2. FLAT WRITING
“He wanted to know but couldn’t understand what she had to say, so he waited until she was ready to tell him before asking what she meant.”
Something is conveyed in this sentence, but who cares? The writing is so flat, it just dies on the page. You can’t fix it with a few replacement words – you have to give it depth, texture, character . . .
3. EMPTY ADVERBS
Actually, totally, absolutely, completely, continually, constantly, continuously, literally, really, unfortunately, ironically, incredibly, hopefully, finally – these and others are words that promise emphasis, but too often they do the reverse. They suck the meaning out of every sentence.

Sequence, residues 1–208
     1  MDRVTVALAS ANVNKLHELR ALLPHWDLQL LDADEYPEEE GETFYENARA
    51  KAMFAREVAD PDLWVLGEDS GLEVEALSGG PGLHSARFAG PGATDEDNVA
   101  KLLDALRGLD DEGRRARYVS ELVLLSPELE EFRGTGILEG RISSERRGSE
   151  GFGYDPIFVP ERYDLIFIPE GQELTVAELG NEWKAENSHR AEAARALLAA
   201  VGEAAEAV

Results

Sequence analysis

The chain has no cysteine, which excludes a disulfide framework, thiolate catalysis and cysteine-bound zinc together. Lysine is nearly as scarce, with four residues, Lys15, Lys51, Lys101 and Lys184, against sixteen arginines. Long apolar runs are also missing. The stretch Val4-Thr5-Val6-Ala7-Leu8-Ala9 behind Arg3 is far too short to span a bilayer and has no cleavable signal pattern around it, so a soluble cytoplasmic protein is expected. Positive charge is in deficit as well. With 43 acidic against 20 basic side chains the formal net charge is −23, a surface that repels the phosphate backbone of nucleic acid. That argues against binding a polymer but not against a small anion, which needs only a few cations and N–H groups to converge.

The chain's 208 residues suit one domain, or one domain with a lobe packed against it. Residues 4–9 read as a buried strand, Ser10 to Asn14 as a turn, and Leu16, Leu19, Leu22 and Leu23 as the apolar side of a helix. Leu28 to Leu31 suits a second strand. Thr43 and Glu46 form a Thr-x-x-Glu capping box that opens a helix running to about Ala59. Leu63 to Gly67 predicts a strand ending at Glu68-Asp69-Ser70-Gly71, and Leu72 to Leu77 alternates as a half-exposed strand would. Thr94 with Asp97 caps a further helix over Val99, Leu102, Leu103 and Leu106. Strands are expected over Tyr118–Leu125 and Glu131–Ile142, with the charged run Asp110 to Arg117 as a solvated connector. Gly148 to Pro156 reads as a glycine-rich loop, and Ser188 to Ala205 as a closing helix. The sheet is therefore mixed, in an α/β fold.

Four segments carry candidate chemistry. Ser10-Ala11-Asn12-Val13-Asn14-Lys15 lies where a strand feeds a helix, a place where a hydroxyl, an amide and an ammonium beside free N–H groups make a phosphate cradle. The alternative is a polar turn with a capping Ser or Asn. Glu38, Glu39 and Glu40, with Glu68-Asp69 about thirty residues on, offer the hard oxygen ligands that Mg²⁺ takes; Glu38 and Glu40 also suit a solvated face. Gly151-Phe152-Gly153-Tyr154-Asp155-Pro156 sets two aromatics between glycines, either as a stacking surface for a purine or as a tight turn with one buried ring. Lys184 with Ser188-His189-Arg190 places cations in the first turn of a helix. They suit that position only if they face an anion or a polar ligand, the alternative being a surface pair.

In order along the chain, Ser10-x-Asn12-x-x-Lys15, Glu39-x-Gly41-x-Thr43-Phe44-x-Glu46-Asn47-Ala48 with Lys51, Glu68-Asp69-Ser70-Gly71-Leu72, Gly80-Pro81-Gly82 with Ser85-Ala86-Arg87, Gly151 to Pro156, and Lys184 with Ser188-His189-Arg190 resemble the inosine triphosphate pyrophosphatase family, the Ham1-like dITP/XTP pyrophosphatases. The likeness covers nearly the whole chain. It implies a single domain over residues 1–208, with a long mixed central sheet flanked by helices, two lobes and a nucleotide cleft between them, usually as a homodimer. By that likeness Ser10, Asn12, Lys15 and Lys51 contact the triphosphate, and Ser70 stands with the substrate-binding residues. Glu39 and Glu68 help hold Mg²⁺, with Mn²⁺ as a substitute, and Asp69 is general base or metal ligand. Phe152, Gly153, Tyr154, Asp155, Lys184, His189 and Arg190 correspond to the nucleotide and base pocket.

I defer to People Magazine for larding its articles with empty adverbs. A recent issue refers to an “incredibly popular, groundbreakingly racy sitcom.” That’s tough to say even when your lips aren’t moving . . . .
4. PHONY DIALOGUE
Be careful of using dialogue to advance the plot. Readers can tell when characters talk about things they already know, or when the speakers appear to be having a conversation for our benefit. You never want one character to imply or say to the other, “Tell me again, Bruce: What are we doing next?” . . .